04:28 PM Kenneth Tan (Stamford Law Corporation)

    Standard of Care in Negligence: BNJ v SMRT Trains Ltd [2013] SGHC 286



    The Singapore High Court decision in BNJ v SMRT Trains Ltd [2013] SGHC 286 ("BNJ v SMRT”) is significant for being the first local decision to consider a public authority’s duty of care in negligence, in the context of providing a public good. Its holdings will likely be instructive in future disputes concerning similar claims against public authorities in Singapore.

    Facts and decision

    The facts of this case arose out of an accident on 3 April 2011. On that day, the Plaintiff was waiting to board at the train platforms of Ang Mo Kio MRT Station when she experienced a sudden loss of consciousness, fell over and landed under the train platform. Within seconds of the fall, an incoming train pulled into the station and struck the Plaintiff’s legs, both of which had to be subsequently amputated below the knee.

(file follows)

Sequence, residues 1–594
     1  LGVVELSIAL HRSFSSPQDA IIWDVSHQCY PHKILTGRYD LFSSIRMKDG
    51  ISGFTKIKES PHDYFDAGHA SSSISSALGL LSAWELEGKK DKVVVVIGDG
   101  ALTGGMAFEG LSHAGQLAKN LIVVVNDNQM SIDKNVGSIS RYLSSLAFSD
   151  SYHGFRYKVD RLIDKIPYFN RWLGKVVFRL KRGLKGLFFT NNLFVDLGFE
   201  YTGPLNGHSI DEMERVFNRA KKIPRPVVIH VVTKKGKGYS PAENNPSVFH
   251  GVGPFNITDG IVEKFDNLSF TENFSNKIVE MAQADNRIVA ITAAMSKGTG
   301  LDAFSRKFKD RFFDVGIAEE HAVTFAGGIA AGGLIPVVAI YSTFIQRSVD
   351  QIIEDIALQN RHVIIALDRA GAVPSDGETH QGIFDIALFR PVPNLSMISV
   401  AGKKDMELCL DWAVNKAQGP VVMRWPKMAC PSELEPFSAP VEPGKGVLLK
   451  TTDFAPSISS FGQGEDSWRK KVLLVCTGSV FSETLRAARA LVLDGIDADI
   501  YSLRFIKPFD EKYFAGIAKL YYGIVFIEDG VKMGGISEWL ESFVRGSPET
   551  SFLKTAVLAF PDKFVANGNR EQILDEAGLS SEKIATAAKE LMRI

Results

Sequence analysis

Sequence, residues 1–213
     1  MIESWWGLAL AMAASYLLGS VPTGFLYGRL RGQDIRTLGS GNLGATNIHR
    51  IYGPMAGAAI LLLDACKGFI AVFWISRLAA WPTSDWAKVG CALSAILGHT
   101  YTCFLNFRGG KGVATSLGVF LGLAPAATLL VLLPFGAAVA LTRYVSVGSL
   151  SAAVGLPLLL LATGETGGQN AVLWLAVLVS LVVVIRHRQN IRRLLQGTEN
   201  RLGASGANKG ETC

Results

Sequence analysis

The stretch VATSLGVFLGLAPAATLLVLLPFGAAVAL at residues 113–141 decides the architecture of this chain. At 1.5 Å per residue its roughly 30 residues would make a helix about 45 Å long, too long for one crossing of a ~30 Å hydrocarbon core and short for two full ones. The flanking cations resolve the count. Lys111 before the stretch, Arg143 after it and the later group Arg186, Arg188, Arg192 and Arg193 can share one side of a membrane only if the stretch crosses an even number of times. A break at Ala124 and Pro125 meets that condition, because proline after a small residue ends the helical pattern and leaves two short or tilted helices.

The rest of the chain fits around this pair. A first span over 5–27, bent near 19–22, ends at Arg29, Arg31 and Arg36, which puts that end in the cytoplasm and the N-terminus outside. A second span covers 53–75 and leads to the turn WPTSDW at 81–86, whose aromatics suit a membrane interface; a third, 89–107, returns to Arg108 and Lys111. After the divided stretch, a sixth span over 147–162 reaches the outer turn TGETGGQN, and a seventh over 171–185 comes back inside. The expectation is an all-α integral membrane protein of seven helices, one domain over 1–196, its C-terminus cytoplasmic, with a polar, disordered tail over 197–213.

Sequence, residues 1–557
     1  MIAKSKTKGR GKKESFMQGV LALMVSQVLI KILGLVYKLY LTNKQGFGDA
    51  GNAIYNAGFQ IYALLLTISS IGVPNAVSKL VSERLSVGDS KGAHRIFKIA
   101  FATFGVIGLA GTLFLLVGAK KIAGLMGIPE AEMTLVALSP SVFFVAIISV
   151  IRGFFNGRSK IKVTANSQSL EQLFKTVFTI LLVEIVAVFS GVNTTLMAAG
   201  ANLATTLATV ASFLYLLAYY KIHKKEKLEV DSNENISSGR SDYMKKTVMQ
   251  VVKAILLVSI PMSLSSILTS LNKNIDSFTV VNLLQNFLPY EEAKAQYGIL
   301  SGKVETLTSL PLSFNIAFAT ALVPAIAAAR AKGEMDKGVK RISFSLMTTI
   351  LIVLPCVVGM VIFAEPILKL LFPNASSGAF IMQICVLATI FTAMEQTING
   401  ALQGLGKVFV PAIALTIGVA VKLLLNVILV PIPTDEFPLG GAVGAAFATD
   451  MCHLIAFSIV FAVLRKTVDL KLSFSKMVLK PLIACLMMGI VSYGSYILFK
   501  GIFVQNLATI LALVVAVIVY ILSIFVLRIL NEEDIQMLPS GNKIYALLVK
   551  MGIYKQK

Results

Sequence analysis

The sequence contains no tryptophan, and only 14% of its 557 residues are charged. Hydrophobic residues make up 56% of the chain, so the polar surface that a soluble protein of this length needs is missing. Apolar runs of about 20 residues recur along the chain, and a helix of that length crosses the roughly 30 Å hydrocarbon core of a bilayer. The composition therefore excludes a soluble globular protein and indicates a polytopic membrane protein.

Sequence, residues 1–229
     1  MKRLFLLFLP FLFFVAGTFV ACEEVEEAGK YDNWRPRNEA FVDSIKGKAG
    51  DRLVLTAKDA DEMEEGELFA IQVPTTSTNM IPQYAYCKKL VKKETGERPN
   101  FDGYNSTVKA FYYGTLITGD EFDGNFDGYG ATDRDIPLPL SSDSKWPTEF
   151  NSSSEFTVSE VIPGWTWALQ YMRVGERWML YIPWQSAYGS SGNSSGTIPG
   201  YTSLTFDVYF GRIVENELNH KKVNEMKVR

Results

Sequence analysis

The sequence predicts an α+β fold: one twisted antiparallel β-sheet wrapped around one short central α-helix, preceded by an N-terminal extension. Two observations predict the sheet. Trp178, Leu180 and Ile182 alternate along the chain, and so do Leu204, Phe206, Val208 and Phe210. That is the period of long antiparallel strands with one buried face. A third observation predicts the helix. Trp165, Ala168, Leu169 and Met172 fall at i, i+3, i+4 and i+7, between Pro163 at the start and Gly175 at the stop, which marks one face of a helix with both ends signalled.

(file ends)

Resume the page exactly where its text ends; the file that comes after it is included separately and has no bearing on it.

The Plaintiff sued SMRT Trains Ltd (the licensed operator) and the Land Transport Authority of Singapore (regulator / owner of the train station). The former was responsible for the implementation of operational safety measures while the latter for installing structural safety features. Notwithstanding the variety in the causes of action relied on by the Plaintiff, which include a tortious breach of duty of care in negligence as well as a contractual breach of an implied duty of care, the principal issue was whether the train station was reasonably safe for reasonable use by passengers. In this regard, the court employed the framework of negligence as set out in Spandeck Engineering (S) Pte Ltd v Defence Science & Technology Agency [2007] 4 SLR(R) 100 (CA) ("Spandeck”) to determine the issue.